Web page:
White House sent critical warning to Joe Manchin ahead of stimulus package

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White House sent critical warning to Joe Manchin ahead of stimulus package

The White House sent a critical warning to Sen. Joe Manchin, D-Wis., during a phone call last March ahead of the decision by veteran Washington Post reporters Bob Woodward and Robert Costa about the $1.9 trillion stimulus package.

The phone call reportedly took place on 5 March, one day before the Senate lawmakers voted on whether to approve Biden's American Rescue Plan. At the time Manchin, a moderate Democrat, was considered a critical roadblock after he voiced concerns about the scope of unemployment benefits in the relief package.

If you don't come along, you re really f - - ing me, Biden said during the call, according to the book, which was excerpted by the Post.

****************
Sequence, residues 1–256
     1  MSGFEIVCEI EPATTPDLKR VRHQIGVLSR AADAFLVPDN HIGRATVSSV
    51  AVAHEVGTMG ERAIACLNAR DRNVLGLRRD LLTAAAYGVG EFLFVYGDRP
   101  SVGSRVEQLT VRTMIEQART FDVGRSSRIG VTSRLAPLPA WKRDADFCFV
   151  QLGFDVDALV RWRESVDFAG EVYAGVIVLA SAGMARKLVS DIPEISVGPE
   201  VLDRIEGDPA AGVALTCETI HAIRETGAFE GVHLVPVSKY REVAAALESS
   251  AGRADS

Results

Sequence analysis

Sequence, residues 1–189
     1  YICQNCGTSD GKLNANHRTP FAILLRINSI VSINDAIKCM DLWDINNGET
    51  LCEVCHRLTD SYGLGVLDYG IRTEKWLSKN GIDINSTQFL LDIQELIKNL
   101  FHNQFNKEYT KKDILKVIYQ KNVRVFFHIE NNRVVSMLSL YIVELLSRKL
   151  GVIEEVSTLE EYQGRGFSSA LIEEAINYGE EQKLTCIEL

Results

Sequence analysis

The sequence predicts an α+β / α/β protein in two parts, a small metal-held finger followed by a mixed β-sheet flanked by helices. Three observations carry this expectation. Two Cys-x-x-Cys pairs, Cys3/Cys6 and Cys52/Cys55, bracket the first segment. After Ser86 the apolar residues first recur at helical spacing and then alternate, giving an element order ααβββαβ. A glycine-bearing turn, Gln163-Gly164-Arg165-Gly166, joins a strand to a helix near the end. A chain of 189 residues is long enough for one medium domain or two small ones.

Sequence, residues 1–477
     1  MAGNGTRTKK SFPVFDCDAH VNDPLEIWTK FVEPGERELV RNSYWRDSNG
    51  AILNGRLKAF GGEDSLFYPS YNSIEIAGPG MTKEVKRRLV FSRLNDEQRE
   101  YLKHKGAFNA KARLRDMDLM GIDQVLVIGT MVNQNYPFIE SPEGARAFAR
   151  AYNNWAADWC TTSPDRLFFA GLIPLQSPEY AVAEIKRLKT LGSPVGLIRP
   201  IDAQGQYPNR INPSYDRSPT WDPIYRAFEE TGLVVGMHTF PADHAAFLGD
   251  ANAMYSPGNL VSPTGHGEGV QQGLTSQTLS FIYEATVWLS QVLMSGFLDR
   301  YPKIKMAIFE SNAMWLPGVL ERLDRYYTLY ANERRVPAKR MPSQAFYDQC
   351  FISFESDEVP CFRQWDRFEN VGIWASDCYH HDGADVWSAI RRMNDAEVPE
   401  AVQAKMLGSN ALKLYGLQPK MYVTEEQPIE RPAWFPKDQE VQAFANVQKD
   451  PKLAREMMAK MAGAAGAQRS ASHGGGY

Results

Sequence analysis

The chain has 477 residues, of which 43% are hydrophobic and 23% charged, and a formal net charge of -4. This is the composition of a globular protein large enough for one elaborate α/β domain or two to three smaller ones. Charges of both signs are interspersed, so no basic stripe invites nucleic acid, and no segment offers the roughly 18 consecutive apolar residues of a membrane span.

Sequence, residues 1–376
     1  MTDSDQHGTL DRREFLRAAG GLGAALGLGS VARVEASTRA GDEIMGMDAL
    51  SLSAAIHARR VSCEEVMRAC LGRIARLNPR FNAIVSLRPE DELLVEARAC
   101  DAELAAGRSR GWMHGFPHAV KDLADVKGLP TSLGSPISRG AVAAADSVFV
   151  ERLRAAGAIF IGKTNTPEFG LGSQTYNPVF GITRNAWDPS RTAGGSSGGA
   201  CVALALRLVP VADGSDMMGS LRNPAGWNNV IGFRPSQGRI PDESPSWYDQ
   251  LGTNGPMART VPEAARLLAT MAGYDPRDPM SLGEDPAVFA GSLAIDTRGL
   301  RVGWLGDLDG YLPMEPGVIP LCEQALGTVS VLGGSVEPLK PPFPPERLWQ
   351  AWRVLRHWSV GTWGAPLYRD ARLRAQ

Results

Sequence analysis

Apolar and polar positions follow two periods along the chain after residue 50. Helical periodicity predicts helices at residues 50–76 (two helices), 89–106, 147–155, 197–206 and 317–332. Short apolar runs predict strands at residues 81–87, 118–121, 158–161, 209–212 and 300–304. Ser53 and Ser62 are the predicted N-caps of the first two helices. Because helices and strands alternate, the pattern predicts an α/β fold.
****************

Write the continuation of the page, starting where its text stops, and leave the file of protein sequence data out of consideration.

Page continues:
Manchin eventually joined other senators to pass the relief package in a 50 - 49 vote along party lines, handing Biden the first legislative victory of his presidency. The final bill passed after Democrats supported Manchin's last-minute call for a pared-down version of Biden's preferred federal unemployment benefits, and included several amendments that they supported.

Woodward and Costa said the book, Peril, was based on interviews with more than 200 people.

Manchin and other moderates have emerged as critical voices in the Senate, where the Democrats hold a razor-thin majority and cannot afford defections. The West Virginia senator could derail Biden s push for the Senate to approve a $3.5 trillion budget reconciliation plan.

Manchin has balked at the package's cost and signals that he will oppose a significant attempt to impose a Democratic overhaul of corporate tax code. Earlier this month, Manchin said he would not support the $3.5 trillion plan, citing rising debt and inflation. He did not rule out the possibility of approving a smaller deal.